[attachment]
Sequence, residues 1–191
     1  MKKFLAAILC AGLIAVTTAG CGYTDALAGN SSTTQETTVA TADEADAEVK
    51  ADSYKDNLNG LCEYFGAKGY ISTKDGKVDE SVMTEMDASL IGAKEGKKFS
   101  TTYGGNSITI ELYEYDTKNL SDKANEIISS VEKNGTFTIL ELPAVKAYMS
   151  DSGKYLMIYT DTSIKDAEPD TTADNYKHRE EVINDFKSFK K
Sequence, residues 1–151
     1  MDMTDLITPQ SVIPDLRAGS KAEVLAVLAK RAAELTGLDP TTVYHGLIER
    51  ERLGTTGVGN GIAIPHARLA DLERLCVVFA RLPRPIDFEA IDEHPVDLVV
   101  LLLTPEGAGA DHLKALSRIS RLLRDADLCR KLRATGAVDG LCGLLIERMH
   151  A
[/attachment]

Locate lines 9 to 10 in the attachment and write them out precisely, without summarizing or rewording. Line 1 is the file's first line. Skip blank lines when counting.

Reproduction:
   101  LLLTPEGAGA DHLKALSRIS RLLRDADLCR KLRATGAVDG LCGLLIERMH
   151  A